Our version of the Luna theme has been converted and ported over to GTK3, so it should work with all newer flavors of Linux running MATE while still working on older Linux installs running GNOME2.To install the Luna Theme which will make Linux look like Windows XP, run the following commands. The theme files will be downloaded and saved in your Downloads directory.

cd ~/Downloads
wget -O linux_xp_luna_theme_install.tar.gz
mkdir Luna
tar -zxvf linux_xp_luna_theme_install.tar.gz -C Luna
cd Luna
sudo rm -rf /usr/share/themes/Luna
rm -rf ~/.themes/Luna
sudo bash

Next, Right Click on the Desktop, and choose "Change Desktop Background".  Click on the "Themes" tab.  Select "Luna".  Click on the "Background" tab.  If you want the default XP wallpaper set as your background, click on the "Add" button.   Select your "Pictures" folder.  Select "luna_background.jpg".  Click "Open".  Click on "Close" to change it. 

Now, MATE or GNOME2 looks like XP!  Enjoy!  This theme was copied from Ylmf OS 3.0.

The Monsanto Protection Act – “Farmer Assurance Provision, Section 735” – Promotes the Growth and Engineering of GMO Foods and Seeds Without Any Judicial Oversight or Regulation

Tuesday, April 9th, 2013

The Monsanto Protection Act & What It Means For YOU

"Free from Any Judicial Litigation" – WAIT WHAT?!?!?!

The “Farmer Assurance Provision, Section 735”, known as the Monsanto Protection Act, is a provision that was slipped into the "Continuing Resolution" spending bill.  This spending bill is designed to prevent the government shutdown and sequester.  The Continuing Resolution bill, including the Farmer Assurance Provision, passed the house and was signed by President Obama on March 29, 2013.  A sub-committee slipped the provision into the bill anonymously.  However, news has spread that Missouri Sen. Roy Blunt (R) drafted the provision in direct conjunction with Monsanto.  His reasoning for supporting such a provision: "it is only a one-year protection.”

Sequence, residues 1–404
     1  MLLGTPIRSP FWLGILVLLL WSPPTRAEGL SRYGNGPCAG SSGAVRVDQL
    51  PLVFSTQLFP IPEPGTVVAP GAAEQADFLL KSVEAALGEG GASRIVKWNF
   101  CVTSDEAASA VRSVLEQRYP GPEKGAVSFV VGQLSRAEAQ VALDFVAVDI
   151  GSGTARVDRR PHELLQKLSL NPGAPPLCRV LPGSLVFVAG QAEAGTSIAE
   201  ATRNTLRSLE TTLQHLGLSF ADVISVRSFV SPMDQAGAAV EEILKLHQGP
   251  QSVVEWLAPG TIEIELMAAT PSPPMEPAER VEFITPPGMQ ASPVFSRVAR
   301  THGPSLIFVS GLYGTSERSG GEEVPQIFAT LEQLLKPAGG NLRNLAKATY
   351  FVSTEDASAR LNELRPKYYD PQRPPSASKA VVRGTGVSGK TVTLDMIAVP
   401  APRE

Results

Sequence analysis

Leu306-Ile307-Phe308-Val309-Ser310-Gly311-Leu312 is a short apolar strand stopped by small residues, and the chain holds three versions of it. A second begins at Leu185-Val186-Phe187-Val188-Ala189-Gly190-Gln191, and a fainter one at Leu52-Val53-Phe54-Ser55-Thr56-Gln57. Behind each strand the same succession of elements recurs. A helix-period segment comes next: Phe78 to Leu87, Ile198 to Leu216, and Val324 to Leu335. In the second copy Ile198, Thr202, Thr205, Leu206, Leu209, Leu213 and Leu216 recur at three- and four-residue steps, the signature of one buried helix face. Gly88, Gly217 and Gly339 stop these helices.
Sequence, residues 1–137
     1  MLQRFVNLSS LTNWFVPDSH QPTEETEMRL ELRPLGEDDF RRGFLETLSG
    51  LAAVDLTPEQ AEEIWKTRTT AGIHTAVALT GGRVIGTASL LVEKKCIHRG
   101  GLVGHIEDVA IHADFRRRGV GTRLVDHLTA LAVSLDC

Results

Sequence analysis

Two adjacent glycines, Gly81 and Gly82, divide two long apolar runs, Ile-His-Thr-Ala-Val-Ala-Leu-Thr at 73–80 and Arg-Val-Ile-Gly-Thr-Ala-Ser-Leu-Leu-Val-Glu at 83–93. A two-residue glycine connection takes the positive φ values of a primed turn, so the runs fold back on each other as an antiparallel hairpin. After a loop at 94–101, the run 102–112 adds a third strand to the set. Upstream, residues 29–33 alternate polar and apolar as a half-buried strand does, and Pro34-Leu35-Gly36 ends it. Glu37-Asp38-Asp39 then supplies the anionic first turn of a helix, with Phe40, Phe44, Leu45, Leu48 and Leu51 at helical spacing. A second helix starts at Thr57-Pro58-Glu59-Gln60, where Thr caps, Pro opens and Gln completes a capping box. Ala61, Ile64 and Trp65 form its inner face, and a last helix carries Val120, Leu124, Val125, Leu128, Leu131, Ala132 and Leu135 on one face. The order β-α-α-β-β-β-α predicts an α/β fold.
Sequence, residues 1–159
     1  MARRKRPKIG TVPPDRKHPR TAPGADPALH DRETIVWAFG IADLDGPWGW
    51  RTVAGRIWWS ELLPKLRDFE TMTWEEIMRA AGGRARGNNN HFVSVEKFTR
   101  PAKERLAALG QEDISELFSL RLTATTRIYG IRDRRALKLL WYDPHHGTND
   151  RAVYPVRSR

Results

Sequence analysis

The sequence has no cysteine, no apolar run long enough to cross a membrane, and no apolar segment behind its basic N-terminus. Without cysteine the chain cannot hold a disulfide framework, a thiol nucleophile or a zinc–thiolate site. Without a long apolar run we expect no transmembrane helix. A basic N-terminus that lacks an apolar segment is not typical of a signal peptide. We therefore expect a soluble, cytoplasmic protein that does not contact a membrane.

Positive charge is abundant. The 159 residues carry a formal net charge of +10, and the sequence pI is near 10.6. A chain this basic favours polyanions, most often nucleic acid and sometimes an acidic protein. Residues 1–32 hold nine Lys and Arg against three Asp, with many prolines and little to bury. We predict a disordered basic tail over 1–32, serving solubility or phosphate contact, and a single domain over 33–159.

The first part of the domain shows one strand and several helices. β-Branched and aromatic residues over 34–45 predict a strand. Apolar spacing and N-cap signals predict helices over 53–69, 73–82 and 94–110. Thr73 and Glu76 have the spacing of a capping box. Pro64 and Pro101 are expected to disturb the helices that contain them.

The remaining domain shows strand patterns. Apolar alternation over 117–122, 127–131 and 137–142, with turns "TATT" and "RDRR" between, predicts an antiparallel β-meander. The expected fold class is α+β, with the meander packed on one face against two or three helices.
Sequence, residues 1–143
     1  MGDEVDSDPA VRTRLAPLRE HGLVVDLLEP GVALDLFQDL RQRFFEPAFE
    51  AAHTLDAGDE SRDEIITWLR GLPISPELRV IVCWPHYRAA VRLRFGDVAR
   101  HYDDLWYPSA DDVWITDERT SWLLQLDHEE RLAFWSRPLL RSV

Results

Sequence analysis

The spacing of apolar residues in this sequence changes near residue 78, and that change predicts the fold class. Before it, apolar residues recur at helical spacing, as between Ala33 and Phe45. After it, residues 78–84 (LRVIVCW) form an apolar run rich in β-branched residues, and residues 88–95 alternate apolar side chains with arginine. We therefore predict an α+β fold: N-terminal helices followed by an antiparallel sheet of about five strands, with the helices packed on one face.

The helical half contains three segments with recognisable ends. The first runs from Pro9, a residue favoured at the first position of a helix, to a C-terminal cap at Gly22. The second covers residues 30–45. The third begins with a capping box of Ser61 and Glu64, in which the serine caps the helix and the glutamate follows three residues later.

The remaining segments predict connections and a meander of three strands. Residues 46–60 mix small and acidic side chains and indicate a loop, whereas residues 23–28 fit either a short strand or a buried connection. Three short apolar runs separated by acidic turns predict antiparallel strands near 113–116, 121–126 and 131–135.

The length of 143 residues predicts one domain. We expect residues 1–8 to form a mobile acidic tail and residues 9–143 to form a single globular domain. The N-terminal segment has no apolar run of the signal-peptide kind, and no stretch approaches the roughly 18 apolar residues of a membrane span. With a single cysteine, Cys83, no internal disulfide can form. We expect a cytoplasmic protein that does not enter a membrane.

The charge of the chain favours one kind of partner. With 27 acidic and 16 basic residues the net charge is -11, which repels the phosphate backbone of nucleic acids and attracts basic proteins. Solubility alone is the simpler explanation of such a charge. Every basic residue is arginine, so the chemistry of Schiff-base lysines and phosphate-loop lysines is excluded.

So, What Does this Do?

In short, the Farmer Assurance Provision, Section 735 "allows agribusiness giant Monsanto to promote and plant genetically modified organisms (GMOs) and genetically engineered (GE) seeds, free from any judicial litigation that might decide the crops are unsafe".

It stipulates that the U.S. Department of Agriculture (USDA) “ignore any court ruling that would otherwise halt the planting of new genetically-engineered crops.”  Typically, the USDA approves GMO products and seeds as long as they pass certain filing regulations and conditions.  Unfortunately, the USDA does not conduct thorough reviews or tests of the many submitted food products it receives.  To speed up the process, the USDA typically approves products without performing tests that study long term effects.

Tests of these controversial products are usually performed much later by independent groups.  Some are sponsored by Monsanto and conclude that these products are safe.  Others are sanctioned by independent groups funded by "the people" who are protecting their health interests.  Typically, results from studies not financed by Monsanto show that GMO products can increase the risk of cancer and cause adverse health issues.

GE and GMOs can damage the environment and introduce additional pesticides into the food supply endangering the health of all consumers.  The unfortunate truth is that 80% of the food supply is already contaminated by GMOs.  The effects to our health are unknown.  

Do you really want to be a guinea pig?

What can we do?

Fight this by mandating the labeling of GMO products on food labels:

Spread the news on Facebook.  

Read these articles to find out why GMOs and GE seeds are bad for you, your neighbors, and the environment.

Main Sources: